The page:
Hey guys...something super interesting for you today. I want to share an email I got from the Art Director for the Netflix show "Mindhunter", in its second season:
I very much enjoyed Century III Extremis. I was the art director on Mindhunter S2 and thought I’d share some photos with you of our Century III Mall sets.
We recreated the lobby of the Omni International Hotel in Atlanta as it was in 1977 (well, at least a Hollywood version of it). We did this in the old Sears store (which I believe was originally the Montgomery Ward, as you stated in the vlog). The set design was based on architect John Portman’s Atlanta Marquis Hotel and the Omni International Hotel at CNN Center. Both hotels were groundbreaking at the time because they featured large open atrium’s with glass elevators (think Towering Inferno). Both hotels also featured shopping arcades—which we recreated right outside the lobby. These stores included the Gold Mine (video arcade), Orange Julius, Musicland, Waldenbooks and Fashion Bug.
The green screen wall you see in the attached photos and in your vlog will eventually have a VFX shot of the original Omni Hotel atrium (digitally recreated and enhanced). The final composite should be amazing. David Fincher directed the series and really loved the mall. We shot several other scenes at the mall because the architecture was so good.
We spent several hundred thousand dollars to do these sets - not just for set construction, but we also had to bring the location up to code in order to film in it (electrical, fire suppression, etc.). Our hope was that we would reuse these sets (and the mall) in future seasons, but Netflix has decided to move the show to LA—or may possibly cancel it (this is not public information yet). Ironically, these lobby senes will probably only be seen for about two minutes total during Season 2.
I grew up in Pittsburgh and remember going Century III as a kid - it was amazing and definitely one of the buildings that influenced my becoming an architect and film production designer. Your observations are much appreciated on the architecture of the mall—it's an awesome building with its height, meandering ramps, and skywalks. The detailing is sophisticated, yet simple. The carpet used to be a rusty orange by the way - leaning towards the red spectrum. Some online photos suggest red, but it was definitely rust. I interned in the late 1980s for the architecture firm that designed the mall and I remember talking to the lead architect about the design. He stated that the carpet color was selected to compliment the steel manufacturing legacy of the site—specifically, Corten steel. The warmth of the rusty carpet color offset the beige brick and oak railing accents beautifully. The carpet also provided acoustic softening, which was much needed when the mall was packed with 1000s of shoppers. I recall the lead architect saying that it was one of the first malls in the US to employ carpeting on such a large scale.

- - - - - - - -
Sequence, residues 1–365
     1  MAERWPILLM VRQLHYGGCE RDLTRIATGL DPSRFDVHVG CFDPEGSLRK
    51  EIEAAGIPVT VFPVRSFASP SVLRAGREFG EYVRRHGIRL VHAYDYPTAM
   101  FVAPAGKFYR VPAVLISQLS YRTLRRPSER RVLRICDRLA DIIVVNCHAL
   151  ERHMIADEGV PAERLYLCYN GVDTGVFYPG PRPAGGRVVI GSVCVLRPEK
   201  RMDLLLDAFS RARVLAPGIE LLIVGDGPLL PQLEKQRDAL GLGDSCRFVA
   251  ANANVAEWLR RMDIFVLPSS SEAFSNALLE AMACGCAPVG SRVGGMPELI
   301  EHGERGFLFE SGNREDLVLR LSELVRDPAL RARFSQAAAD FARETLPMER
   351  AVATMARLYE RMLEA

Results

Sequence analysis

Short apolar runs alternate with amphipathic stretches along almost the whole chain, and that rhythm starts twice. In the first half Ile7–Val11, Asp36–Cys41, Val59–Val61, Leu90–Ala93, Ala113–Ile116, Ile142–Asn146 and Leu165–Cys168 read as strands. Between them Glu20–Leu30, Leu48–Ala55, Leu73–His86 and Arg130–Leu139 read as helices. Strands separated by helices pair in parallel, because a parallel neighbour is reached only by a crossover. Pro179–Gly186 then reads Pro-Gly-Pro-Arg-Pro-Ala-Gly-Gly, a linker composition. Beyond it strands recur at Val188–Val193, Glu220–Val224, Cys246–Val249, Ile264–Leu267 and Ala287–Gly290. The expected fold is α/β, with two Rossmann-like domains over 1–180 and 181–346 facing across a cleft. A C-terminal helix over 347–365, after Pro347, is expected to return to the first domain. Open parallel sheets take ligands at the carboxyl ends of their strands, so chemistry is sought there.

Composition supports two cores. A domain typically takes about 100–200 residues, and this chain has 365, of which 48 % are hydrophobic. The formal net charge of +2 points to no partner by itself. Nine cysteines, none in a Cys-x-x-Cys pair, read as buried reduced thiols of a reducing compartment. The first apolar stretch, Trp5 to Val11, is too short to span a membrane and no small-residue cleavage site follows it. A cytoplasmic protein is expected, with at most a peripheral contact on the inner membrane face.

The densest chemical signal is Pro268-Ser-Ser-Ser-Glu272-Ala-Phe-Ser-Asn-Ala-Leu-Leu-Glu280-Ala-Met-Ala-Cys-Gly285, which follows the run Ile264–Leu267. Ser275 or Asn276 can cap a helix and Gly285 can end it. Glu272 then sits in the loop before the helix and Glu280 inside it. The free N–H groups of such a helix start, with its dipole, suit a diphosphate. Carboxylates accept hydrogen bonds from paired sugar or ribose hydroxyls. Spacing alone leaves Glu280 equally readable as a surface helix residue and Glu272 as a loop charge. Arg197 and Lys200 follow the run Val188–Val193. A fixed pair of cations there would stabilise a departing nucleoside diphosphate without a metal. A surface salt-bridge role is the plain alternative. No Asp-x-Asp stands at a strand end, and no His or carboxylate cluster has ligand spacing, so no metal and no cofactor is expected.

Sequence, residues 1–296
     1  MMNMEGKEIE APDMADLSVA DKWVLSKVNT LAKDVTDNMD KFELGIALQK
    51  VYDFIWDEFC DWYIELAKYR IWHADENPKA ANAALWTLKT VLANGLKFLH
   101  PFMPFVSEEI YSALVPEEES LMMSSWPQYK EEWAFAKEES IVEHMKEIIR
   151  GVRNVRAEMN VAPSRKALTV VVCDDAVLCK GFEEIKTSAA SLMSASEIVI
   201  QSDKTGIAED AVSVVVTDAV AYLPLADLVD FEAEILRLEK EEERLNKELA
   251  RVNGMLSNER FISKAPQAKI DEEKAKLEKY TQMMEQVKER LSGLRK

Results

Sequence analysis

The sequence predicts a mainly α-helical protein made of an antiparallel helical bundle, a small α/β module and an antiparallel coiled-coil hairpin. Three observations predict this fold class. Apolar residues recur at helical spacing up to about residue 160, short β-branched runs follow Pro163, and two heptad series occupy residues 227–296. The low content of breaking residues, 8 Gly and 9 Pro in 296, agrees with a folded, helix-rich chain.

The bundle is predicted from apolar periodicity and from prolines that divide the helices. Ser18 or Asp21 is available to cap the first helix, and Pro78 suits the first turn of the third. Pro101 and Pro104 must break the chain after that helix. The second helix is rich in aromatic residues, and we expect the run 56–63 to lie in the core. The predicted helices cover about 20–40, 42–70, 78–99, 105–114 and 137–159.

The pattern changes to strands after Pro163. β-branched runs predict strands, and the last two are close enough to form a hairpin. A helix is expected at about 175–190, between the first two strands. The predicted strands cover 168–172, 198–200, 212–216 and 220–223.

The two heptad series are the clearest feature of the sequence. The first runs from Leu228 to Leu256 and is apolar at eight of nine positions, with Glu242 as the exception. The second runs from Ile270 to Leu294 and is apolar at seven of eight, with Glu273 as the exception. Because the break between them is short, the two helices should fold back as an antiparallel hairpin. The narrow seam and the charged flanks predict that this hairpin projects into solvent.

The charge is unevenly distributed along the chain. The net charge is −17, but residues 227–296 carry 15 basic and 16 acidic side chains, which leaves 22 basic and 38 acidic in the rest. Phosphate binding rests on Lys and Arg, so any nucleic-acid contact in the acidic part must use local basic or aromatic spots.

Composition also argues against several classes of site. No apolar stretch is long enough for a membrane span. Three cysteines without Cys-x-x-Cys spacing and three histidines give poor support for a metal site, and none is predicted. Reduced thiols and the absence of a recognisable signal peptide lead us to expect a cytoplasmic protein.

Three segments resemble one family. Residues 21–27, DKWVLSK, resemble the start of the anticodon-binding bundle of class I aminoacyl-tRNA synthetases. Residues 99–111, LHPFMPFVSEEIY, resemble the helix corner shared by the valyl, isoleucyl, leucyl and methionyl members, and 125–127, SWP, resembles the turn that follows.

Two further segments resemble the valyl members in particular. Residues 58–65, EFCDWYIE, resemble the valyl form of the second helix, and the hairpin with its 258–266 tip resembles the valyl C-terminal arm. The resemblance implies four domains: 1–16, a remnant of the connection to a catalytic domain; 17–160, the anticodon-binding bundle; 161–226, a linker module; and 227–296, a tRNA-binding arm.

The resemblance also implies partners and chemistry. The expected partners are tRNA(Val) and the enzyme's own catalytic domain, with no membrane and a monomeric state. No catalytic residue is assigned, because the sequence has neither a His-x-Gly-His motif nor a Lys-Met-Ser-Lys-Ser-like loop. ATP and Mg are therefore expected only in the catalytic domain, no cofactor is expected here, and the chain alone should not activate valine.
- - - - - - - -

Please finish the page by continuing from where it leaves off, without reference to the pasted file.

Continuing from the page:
Sadly, the renovation of the late 1990s diminished the architecture of the mall (in my opinion). The Simon Group added additional skylights and curvy ceiling and carpet patterns which only interfered with the theatricality of the architecture. Previously, the skylights highlighted certain areas in the mall which shoppers would subconsciously navigate towards (as a wayfinding device). This made for a very moody, but warm, interior. When they added the new skylights, they created a bright—but washed out—appearance for the mall. There was also a lot of cool, modern public art—sadly, also removed in the renovation in favor of pseudo-historic theming.
I very much enjoy your channel. I find it funny that I’m lamenting the death of the shopping mall (well at least the cool ones). Ironically, in my 20s, I was lamenting the loss of the American downtown shopping district. I’m 50 years old now and I grew up shopping in the great department stores of downtown Pittsburgh and all the great specialty shops. It was the suburban malls of the 1970s and 80s that were killing our downtown shopping districts. Fortunately, most downtowns are experiencing strong comebacks with restaurants and cultural amenities. I doubt, however, that this will be the future for the American shopping mall.
Lastly, I’m not supposed to share photos publicly until the show is released on Netflix. If you wouldn’t mind waiting until until Mindhunter Season 2 is available on Netflix (should be soon), that would be greatly appreciated (that’s if you feel you would like to share them on your site!).
Keep up the great work and best wishes for your continued success — and sorry for the long email!
GREG WEIMERSKIRCH | AMPAS
Motion Picture Production Designer + Art Director